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What You Need to Know About Gutter Care in Drought Conditions

By August 3, 2012No Comments

Homeowners know that a properly-working gutter system channels runoff water from the roof into the downspouts and away from the home’s foundation. This is especially important during the rainy season, when heavy rainfall can cause pooling or overflowing if gutters are clogged or not functioning correctly. But what about during a drought? When it comes to gutters, is it okay for a homeowner to just say, “Fuhgeddaboudit?”

Not unless he or she is leaving Brooklyn.

What exactly is a drought?

As of right now, about half of the United States is under what’s classified as drought conditions. Droughts are measured primarily by precipitation; not by temperatures, humidity, or other weather factors. So if a given region has not received enough rain, snow or other precipitation over a number or months or years, then the supplies of surface and underground water are depleted, which leads to a drought.

Gutters are probably not a homeowner’s highest priority during times of drought, especially when compared to tasks like landscape irrigation, water conservation, and damage prevention for trees and gardens. However, the occurrence of drought conditions is not a sufficient reason to completely ignore gutter systems. In fact, it’s a good time to remind homeowners not to forget to inspect their gutters monthly for holes, cracks, and leaks; plus, these problems may be easier to see without the presence of standing water or debris. (Furthermore, homeowners who didn’t get a chance to clean their gutters during the spring should definitely seize the opportunity to do so during the summer months.)

Gutters may not be empty

Just because rainfall has been scarce doesn’t mean that a home’s gutters are completely empty during a drought. Periodic rainfall serves to wash away small pieces of debris that tend to accumulate in gutters. Without that precipitation, these particulates may take hold inside gutters and become islands which can attract dirt, pollen, animal waste, and other nasty substances that are found on roofs. So it’s wise for homeowners to either rinse these areas clean with a hose or wipe and scrape the debris out of the gutters.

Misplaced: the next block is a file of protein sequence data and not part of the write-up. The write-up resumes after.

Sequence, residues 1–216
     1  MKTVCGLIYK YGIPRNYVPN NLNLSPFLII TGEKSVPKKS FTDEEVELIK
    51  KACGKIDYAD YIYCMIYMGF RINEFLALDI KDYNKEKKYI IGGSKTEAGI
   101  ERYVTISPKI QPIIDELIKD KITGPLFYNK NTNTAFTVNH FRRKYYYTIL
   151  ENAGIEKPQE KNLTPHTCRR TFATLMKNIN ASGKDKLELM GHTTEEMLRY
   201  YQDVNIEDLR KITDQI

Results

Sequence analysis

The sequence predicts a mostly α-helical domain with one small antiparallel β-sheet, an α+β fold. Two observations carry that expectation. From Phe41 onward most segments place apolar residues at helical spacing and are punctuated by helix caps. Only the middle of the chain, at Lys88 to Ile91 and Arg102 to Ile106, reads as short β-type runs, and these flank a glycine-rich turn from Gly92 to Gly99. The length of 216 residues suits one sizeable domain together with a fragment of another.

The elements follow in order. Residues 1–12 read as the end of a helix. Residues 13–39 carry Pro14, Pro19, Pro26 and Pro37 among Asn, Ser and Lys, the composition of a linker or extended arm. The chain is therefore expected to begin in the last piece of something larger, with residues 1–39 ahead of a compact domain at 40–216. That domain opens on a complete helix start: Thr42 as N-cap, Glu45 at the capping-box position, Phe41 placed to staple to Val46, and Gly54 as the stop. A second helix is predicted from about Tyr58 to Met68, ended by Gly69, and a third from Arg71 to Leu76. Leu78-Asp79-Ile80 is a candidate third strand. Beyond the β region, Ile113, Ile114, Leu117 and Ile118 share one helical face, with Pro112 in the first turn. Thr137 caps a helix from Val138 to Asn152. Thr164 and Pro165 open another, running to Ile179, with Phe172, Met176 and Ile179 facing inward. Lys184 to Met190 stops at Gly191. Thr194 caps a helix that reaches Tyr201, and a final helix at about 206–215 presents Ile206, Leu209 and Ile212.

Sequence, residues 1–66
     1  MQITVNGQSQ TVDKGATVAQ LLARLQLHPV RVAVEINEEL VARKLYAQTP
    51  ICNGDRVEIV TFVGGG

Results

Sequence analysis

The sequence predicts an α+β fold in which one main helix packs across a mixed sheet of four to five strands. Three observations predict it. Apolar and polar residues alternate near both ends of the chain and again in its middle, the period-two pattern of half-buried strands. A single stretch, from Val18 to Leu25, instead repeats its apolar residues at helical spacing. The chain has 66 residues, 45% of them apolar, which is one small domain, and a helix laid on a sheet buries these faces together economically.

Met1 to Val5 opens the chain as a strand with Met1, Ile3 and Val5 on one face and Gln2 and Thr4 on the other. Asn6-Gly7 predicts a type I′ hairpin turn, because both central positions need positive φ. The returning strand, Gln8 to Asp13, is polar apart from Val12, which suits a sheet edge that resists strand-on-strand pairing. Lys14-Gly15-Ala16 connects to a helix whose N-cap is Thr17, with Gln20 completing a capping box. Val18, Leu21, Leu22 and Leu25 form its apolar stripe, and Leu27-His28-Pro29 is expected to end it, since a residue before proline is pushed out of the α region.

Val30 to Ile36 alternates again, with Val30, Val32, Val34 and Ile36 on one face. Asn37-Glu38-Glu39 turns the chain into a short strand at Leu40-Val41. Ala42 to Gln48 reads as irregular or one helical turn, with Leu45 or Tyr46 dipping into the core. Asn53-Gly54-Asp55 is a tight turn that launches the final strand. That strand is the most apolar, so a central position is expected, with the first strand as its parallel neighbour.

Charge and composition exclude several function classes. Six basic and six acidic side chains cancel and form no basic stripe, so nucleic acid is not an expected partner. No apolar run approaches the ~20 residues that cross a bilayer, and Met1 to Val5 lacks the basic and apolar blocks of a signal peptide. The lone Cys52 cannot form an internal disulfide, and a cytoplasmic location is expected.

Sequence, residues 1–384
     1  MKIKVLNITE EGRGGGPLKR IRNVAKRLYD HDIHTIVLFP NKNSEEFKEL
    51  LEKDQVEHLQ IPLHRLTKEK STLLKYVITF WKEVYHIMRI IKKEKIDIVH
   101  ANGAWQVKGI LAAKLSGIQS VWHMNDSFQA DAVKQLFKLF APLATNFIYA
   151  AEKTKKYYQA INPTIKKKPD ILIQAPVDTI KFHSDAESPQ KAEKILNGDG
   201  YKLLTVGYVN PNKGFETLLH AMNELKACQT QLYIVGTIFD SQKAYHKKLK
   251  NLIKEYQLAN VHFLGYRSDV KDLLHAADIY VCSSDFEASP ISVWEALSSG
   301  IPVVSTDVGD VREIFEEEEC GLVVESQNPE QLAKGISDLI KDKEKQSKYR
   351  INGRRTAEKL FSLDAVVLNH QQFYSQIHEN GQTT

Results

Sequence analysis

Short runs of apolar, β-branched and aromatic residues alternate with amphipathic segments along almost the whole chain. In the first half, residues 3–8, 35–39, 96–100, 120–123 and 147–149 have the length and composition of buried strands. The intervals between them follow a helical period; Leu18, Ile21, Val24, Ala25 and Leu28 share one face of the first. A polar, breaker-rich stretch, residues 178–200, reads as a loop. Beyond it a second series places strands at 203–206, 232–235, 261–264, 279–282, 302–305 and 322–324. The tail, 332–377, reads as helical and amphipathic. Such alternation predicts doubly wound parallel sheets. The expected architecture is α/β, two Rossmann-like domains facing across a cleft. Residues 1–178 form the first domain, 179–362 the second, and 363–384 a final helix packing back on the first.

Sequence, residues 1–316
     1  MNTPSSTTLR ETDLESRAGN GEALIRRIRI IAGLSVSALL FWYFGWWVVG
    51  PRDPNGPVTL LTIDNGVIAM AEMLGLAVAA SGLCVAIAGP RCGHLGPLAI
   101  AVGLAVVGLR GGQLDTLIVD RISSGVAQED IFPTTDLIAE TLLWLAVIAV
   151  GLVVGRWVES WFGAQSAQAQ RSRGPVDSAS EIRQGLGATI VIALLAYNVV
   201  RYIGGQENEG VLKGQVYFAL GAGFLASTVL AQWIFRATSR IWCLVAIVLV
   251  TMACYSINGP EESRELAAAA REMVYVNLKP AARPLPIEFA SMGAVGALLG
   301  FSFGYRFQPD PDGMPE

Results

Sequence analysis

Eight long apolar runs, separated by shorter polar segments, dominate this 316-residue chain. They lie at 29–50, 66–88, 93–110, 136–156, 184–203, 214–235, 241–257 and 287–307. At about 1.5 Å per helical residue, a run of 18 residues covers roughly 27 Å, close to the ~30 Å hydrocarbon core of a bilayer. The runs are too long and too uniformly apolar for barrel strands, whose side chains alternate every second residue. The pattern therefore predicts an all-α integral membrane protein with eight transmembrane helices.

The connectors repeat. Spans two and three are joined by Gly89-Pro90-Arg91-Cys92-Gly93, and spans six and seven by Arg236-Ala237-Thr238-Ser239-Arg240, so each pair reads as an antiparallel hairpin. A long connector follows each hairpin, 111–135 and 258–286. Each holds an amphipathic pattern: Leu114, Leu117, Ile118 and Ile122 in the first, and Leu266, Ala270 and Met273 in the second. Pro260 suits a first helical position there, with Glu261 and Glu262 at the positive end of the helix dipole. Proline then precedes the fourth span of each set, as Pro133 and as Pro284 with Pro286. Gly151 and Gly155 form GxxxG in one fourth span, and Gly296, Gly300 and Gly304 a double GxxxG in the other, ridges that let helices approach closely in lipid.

Worry about wind, not rain

Also, drought periods have no direct effect on the amount of wind that can blow through a region. On the contrary, windy conditions may be more relevant to gutter maintenance during a drought because of the dust, leaves, pine needles, and other debris that can be blown from trees and roofs into gutters. These clogged areas can become problematic even when it doesn’t rain, because bugs, rodents, and birds can nest in these shady areas. Some of them can even find cracks and holes in your roofline and enter your attic or home interior. Therefore, homeowners may need to vacuum or scoop out windblown debris to eliminate areas where unwanted critters may congregate.

Including chickens, apparently.

Drought and ground runoff

Finally, gutters need to be in good working order when rains finally do come to drought-stricken regions. Water that flows out of your gutters will encounter a hard, dry ground which will likely facilitate the aboveground travel of runoff water. Usually, this is a good thing, because it means the water is transported away from a home’s foundation. But homeowners should make sure that this flowing water does not invade other areas like patios, landscaping around fences, or foundations of garages. This may require a downspout adjustment or two.

Like snow shovels, umbrellas, and tire chains, gutters probably don’t trigger a large amount of concern by homeowners during a drought. But maintaining preventive measures and taking a few precautions will help prepare every homeowner for the time when precipitation returns to their area and starts flowing through their gutters again.

Photo credits: marstheinfomage, rikkis_refuge